CLB Development Partners v. Barrett et al, No. 2:2015cv00008 - Document 92 (D. Mont. 2017)

Court Description: ORDER denying 50 Motion for Summary Judgment; denying as moot 66 Motion to Strike ; denying as moot 72 Motion for Leave to File. Signed by Judge Brian Morris on 2/16/2017. (HEG)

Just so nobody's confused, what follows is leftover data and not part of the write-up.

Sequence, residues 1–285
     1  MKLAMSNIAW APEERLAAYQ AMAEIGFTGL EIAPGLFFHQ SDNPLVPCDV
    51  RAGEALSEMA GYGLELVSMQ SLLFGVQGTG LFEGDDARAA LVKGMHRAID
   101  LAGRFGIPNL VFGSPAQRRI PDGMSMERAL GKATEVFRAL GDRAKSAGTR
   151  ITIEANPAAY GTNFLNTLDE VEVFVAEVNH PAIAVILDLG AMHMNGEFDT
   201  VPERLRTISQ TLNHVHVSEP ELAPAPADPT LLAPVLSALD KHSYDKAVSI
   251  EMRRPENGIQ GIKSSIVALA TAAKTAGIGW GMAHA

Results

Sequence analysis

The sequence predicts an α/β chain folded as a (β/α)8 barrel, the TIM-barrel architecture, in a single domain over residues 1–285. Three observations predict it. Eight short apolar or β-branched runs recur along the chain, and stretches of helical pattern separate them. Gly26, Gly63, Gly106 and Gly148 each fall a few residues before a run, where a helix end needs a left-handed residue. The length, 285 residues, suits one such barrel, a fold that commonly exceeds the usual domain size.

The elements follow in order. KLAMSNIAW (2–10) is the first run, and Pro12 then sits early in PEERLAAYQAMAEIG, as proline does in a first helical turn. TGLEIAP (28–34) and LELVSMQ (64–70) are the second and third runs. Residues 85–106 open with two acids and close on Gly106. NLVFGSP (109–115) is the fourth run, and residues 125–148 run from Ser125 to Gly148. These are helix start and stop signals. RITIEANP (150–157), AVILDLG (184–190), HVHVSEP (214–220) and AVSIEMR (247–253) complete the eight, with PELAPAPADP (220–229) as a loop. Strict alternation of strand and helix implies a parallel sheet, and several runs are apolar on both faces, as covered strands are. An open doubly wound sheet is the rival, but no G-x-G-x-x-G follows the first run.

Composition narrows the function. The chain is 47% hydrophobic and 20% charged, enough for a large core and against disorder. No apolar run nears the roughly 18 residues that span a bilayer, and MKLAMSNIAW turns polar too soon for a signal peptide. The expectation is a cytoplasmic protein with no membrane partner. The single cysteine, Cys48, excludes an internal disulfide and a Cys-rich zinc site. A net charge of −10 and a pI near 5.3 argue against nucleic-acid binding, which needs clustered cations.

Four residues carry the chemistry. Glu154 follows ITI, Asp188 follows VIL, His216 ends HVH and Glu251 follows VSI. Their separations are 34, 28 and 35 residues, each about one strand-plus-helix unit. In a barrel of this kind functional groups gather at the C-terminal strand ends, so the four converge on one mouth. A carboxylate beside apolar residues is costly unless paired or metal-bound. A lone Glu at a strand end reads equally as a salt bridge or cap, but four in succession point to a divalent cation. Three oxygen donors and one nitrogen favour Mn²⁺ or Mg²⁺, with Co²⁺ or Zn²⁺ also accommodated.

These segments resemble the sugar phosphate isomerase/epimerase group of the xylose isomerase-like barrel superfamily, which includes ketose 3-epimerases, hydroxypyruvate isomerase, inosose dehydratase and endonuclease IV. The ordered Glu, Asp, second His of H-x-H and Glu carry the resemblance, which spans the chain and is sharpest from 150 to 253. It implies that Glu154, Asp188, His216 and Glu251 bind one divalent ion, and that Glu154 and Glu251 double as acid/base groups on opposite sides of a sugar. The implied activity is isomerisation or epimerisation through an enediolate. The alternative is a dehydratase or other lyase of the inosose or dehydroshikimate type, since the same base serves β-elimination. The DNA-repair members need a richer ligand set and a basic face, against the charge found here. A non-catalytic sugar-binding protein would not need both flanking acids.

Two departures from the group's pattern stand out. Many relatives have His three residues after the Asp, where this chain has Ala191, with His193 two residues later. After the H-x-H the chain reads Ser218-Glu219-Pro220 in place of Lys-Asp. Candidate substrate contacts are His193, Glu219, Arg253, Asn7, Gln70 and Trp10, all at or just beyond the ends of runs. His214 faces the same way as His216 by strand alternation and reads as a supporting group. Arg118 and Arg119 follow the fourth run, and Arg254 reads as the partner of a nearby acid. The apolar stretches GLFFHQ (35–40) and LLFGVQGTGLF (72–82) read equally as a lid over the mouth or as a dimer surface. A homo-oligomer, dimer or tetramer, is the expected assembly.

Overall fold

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CLB Development Partners v. Barrett et al Doc. 92 IN THE UNITED STATES DISTRICT COURT FOR THE DISTRICT OF MONTANA BUTTE DIVISION CV 15-08-BU-BMM CLB DEVELOPMENT PATNERS LTD., a Delaware Limited Partnership, Plaintiff, vs. ORDER CRAIG G. BRYANT, Defendant. I. PROCEDURAL BACKGROUND Plaintiff CLB Development Partners, LTD., (“CLB”) filed a Complaint against Defendant Stephan Barrett (“Barrett”), Defendant Craig Bryant (“Bryant”), and Defendant Michael Rowe (“Rowe”). Rowe did not defend the action. The Court entered default judgment against Rowe. CLB moved for summary judgment against Barrett and Bryant. (Doc. 14.) The Court denied the motion. (Doc. 45.) CLB now has filed a second motion for summary judgment against Bryant and Barrett. (Doc. 50.) CLB and Barrett settled the claim. The Court granted CLB’s motion to dismiss Barrett as a defendant in the case. (Doc. 59.) Bryant 1 Dockets.Justia.com opposes CLB’s second summary judgment motion (Doc. 60.) He filed a Statement of Disputed Facts along with his response. (Doc. 61.) CLB filed a 14-page reply brief on August 5, 2016. (Doc. 64.) CLB filed another 14-page brief on the same date that listed a number of objections to the evidence offered by Bryant in his Response (Doc. 60) and his Statement of Disputed Facts (Doc. 61). (Doc. 65.) CLB alleges that “much” of the evidence Bryant submitted in each document “consists of testimony constituting inadmissible parol evidence.” (Doc. 65 at 2.) Bryant moved to strike the objection (Doc. 66) and filed his own objection to Plaintiff’s objections (Doc. 68). CLB responded to Bryant’s motion to strike. (Docs. 70; 71.) CLB also filed a Conditional Motion for Leave to File Objections to SJ Evidence. (Doc. 72.) Bryant opposed the motion (Doc. 73.) The Court held a motion hearing on Plaintiff’s Second Motion for Summary Judgment on September 22, 2016. (Doc. 74.) The Court referred the case to United States Magistrate Judge John Johnston to conduct a settlement conference. (Doc. 75.) Judge Johnston held a settlement conference on October 28, 2016. (Doc. 77.) The settlement conference proved unsuccessful. II. FACTUAL BACKGROUND CLB, Defendant Craig Bryant, Michael Rowe, and Stephen Barrett participated in a real estate development project in Bozeman. (Doc. 15 at 7.) CLB 2 alleges that it loaned Bryant, Barrett, and Rowe nearly $4,000,000 in 2006. Id. CLB alleges that Bryant, Barrett, and Rowe received the $4,000,000 in the form of 333 shares of stock each in Bozeman Corp. (Doc. 15 at 10.) CLB alleges that Bryant, Barrett, and Rowe have paid back approximately $1,000,000 of the loan to CLB. (Doc. 15 at 7.) CLB has sued to recover the remaining principal and interest. Id. Bryant’s alleged share of the debt is evidenced by a promissory note executed by Bryant in favor of CLB. (Doc. 19-4 at 16-20.) A security agreement pledges as collateral 333 shares of stock in Bozeman Corp. owned by Bryant. (Doc. 19-3.) Bryant contends that CLB failed to loan him the money that it now seeks to recover. (Doc. 27 at 6.) Bryant has asserted the defense of failure of consideration. (Doc. 11 at 10.) Bryant concedes that CLB worked with him, and Barrett and Rowe, to provide capital to complete a real estate development project, to structure organizations owned by CLB and Bryant, Barrett, and Rowe, and to avoid or postpone tax liability related to the real estate development project. Bryant asserts that CLB explained that he needed to sign the promissory note to take advantage of a restructuring opportunity that would provide tax benefits. Bryant alleges, however, that CLB’s representatives assured him that the loan would be a nonrecourse note in the nature of “window dressing.” (Doc. 27 at 7.) 3 III. DISCUSSION A court should grant summary judgment where the movant demonstrates that no genuine dispute exists “as to any material fact” and the movant should be “entitled to judgment as a matter of law.” Fed. R. Civ. P. 56(a). This Court will grant summary judgment where the documentary evidence produced by the parties permits only one conclusion. Anderson v. Liberty Lobby, Inc., 477 U.S. 242, 250 (1986). Only disputes over facts that might affect the outcome of the lawsuit will preclude entry of summary judgment. The Court will not consider factual disputes irrelevant or unnecessary to the outcome. Anderson, 477 U.S. at 247-48. “When determining whether a genuine issue of material fact remains for trial, we must view the evidence and all inferences therefrom in the light most favorable to the non-moving party and may not weigh the evidence or make credibility determinations.” Hauk v. JP Morgan Chase Bank USA, 552 F.3d 1114, 1117-18 (9th Cir. 2009) (citing Anderson, 477 U.S. at 255). The Court already has ruled once on a CLB motion for summary judgment. The flurry of filings of bank statements, tax records, and communications between the parties, and another motion hearing conducted by the Court, reveals that not all that much has changed from the first motion to this second motion. The parties have certainly done much to develop the evidentiary record, but have done little to 4 definitively resolve the central factual dispute of this case—whether CLB actually provided consideration under the contract. CLB has provided bank statements for CLB Development Partners, Ltd., BBR Bozeman Corporation, and Black Bull Run, LLC. CLB uses these records to attempt to trace the flow of $4,000,000 from its bank account into a BBR Corp. account, then into a BBR, LLC account, then $1,200,000 into Winchester’s account. (Doc. 51 at 7-8). CLB argues that these records “unquestionably show that it actually loaned the funds it now seeks to recover.” (Doc. 64 at 5.) Bryant argues that this money simply goes in a circle and the information provided to the Court represents “another illusion to make it appear CLB parted with funds when, in fact, it did not.” (Doc. 60 at 16.) Bryant argues that he, Barrett, and Rowe repaid the money transferred into Winchester’s account to CLB within three days. Id. Bryant states that upon receiving $334,000 from Winchester in his personal account, he wrote a check in that amount back to CLB, which was processed within three days. (Affidavit of Craig G. Bryant, Doc. 28 at 14.) Barrett states that he had given prior instruction to his bank to transfer the $334,000 by wire to CLB once the funds had been deposited from Winchester. (Affidavit of Stephen M. Barrett, Doc. 31-1 at12-13.) Bryant points to the fact that at all times, before, during, and after CLB’s machinations, Winchester owned 40% of the project. See Id. at 25. 5 CLB has filed a number of objections to arguments and evidence presented by Bryant in his response brief and exhibits. (Doc. 65.) Many of the objections relate to allegedly improper parol evidence. CLB argues that the parol evidence rule should bar extrinsic evidence about Bryant’s understanding that the promissory note represented a nonrecourse note in the nature of “window dressing.” The Court determined in its order on CLB’s first summary judgment motion, that under both Montana and Texas law, parol evidence may be used to show a want or failure of consideration. Kinjerski v. Lamey, 604 P.2d 782, 785 (Mont. 1979); Audobon Indem. Co. v. Custom Site-Prep, Inc., 358 S.W.3d 309, 316 (Tex App.—Hous. [1st Dist.] 2011). Other objections raised by CLB speak to the weight of the evidence. The Court may not weigh the evidence or make credibility determinations at the summary judgment stage. Hauk, 552 F.3d at 1117–18. The contrast between CLB’s evidence that Bryant allegedly has repeatedly acknowledged a debt under the note, and Bryant’s allegations that CLB’s agents told him that the note represented “window dressing,” creates a genuine issue of material fact. Resolution of this dispute falls within the province of a jury. A jury should decide the credibility of each side’s positions on the central issue of whether CLB actually provided consideration under the contract and other issues of material fact as discussed in this Court’s previous order. (Doc. 45.) 6 IV. CONCLUSION & ORDER Genuine issues of material fact remain in this case. Accordingly, IT IS ORDERED: 1. The Court DENIES CLB’s Second Motion for Summary Judgment against Bryant. (Doc. 50.) 2. The Court DENIES as moot Bryant’s Motion to Strike Plaintiff’s Objections to Summary Judgment Evidence Offered by Defendant. (Doc. 66.) 3. The Court DENIES as moot CLB’s Motion for Leave to File Objections to Summary Judgment Evidence Offered by Craig G. Bryant. (Doc. 72.) DATED this 16th day of February, 2017. 7